I’m a little nervous about writing this, seeing as how I vowed I’d bow out of political commentary. But this is too rich to pass up. We’ll see how this flies, and afterward I may go back to silently despising John Boehner and Fox News without saying anything out loud. You know where I stand, and that’s (almost) good enough.
I’m also a little reticent, because at first it may seem to my liberal friends that I’m defending a Tea Party-backed Republican. I’m not. I’m just pointing out assumptions that a certain media outlet has made regarding his political motives. Those assumptions are probably right, but I was always taught not to assume things, and, well, read on… you’ll see what I mean.
First, a comment about the “liberal media”. I have often heard that phrase applied to the ENTIRETY of American media. When it’s used that way - to imply that, on the whole, media in the United States is left-leaning - it’s simply false, a bogeyman tossed up by conservative pundits and politicians to cover for the fact that, as Stephen Colbert so eloquently put it, “Reality has a well-know liberal bias.” Often, when truth and objectivity in reporting runs counter to what they want people to believe, they claim that those reporting it have a bias. Meanwhile, some of the most prominent media outlets in America are staunchly, outspokenly biased toward conservativism, and those outlets report things falsely all the time.
This doesn’t mean that there ISN’T a liberal media. I’m a media outlet, and I’m told I’m liberal as hell (although I prefer to think of myself as a rational centrist). Daily Kos is left-leaning. Huffington Post is as well. There are quite a few liberal media outlets - although far, far less than there are conservative, and that’s my point, I suppose.
Anyway, sometimes those liberal outlets will give you a version of a story that smacks of a deceptive tone, same way their conservative counterparts do. And it’s one such stories that I’m going to discuss today.
It involves this article in the above-mentioned Huffington Post. Mike Lee is a newly-elected, Tea Party-backed Republican Senator from Utah. He’s also a lawyer who deals with constitutional law. You’ll notice if you even LOOK at the article that the headline implies that Mike Lee says child labor laws are unconstitutional. ”What?” you ask. “What kind of monster would say that the Constitution can’t be used to protect children from predatory labor practices? Does he want us to go back to the old days, when children DIED in factories, when eight-year-olds suffered from horribly unsafe work conditions when THEY SHOULDN’T HAVE EVEN BEEN WORKING?”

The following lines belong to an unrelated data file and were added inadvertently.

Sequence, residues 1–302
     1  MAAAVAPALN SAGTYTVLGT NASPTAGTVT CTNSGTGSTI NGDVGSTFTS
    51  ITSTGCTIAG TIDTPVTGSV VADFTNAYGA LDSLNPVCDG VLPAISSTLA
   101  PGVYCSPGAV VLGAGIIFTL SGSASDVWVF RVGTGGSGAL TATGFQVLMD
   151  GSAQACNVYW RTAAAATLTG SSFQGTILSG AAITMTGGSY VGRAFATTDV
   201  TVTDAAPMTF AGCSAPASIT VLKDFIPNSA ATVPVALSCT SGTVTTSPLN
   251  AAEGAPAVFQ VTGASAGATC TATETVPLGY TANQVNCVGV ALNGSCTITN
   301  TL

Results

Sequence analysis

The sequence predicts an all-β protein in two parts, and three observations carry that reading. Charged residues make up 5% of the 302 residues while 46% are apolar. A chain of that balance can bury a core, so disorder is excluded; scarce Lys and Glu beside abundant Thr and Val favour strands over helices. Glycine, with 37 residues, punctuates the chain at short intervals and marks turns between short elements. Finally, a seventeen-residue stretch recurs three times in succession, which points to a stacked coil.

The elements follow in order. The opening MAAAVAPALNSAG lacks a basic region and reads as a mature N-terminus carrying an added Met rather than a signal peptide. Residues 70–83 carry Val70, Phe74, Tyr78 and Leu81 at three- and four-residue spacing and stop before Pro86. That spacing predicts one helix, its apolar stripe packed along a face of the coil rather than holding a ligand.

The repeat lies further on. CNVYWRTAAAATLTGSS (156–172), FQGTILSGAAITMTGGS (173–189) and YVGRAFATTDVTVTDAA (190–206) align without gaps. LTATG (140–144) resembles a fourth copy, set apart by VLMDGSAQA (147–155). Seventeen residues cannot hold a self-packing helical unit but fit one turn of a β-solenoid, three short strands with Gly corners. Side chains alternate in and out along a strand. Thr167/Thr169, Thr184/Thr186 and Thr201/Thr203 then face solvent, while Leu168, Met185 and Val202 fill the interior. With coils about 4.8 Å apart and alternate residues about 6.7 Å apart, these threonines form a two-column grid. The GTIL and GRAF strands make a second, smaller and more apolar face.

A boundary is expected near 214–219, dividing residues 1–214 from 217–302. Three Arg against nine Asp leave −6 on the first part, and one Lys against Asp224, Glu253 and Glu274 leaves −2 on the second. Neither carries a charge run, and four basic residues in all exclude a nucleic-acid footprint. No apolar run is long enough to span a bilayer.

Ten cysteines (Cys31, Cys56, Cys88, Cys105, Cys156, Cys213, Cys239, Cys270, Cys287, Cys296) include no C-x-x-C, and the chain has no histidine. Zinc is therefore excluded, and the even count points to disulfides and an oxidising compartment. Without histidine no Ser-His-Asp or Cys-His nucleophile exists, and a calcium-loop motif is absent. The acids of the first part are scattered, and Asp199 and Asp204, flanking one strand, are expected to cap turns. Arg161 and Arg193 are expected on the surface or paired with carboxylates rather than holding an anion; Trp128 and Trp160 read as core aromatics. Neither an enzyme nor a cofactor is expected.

He’s a Tea Party backed Republican, so that’s what I assumed at first glance. I ASSUMED, see. But then I read further, which we always should.
In reading Lee’s quote and watch the video, you’ll notice that he doesn’t really say what the headline implies. From what he says, he deplores child exploitation and labor as much as any of us, and his point isn’t that we shouldn’t use our system of laws to protect the innocent. He simply believes that the laws protecting our children should be enacted by STATE legistatures, and not Congress.
I think the headline is misleading, and I think it’s possible that it’s misleading on purpose. With a cursory glance, with no context, someone could easily jump to the conclusion that Mike Lee wants to put children back to work. Burying a factual article beneath an inflammatory headline is a ploy that Fox News uses a LOT. So I’m sensitive to it.
Now, though, to give Huffington Post a little benefit of the doubt, let’s take a step back and look at Mike Lee’s motives for bringing up the whole shebang.
It’s a common theme with Tea Party allies, this argument for taking government from the Federal level and transferring it to the States. I’m not even going to mention how much it sounds like Confederate rhetoric. (You like that? I DID mention it! HA!) Thing is, in some cases, I could actually get behind the idea of letting states decide a few more things for themselves. The issue of state autonomy is ARGUABLE at least, even if it’s often ill conceived or pointless.
And in this case, I don’t see the point, other than to argue. Child labor laws enacted at the national level WORK FINE in protecting our children. So why bring it up? And why bring it up so early in your career as a national politician? ESPECIALLY considering that, being a constitutional lawyer, Lee could no doubt find a whole slew of other instances where Federally-legislated laws probably aren’t working as well as state-legislated ones would. Right? So why THIS one?
And speaking of Lee’s being a constitutional lawyer: in his speech, he cites Hammer v. Dagenhardt, a Supreme Court decision in 1918 that supported his (Lee’s) assertion that child labor laws enacted at the Federal level are unconstitutional. What he seems to have FAILED to mention was that the Supreme Court overturned its own decision in judging the 1941 case U.S. v. Darby Lumber. They decided UNANIMOUSLY then that the Constitution DID provide Congress with the ability to enact the laws in question.
Why would a constitutional lawyer leave that out? Either Huffington Post omitted him discussing the later ruling, or else it didn’t suit his purposes to bring it up, or he really isn’t a very good constitutional lawyer….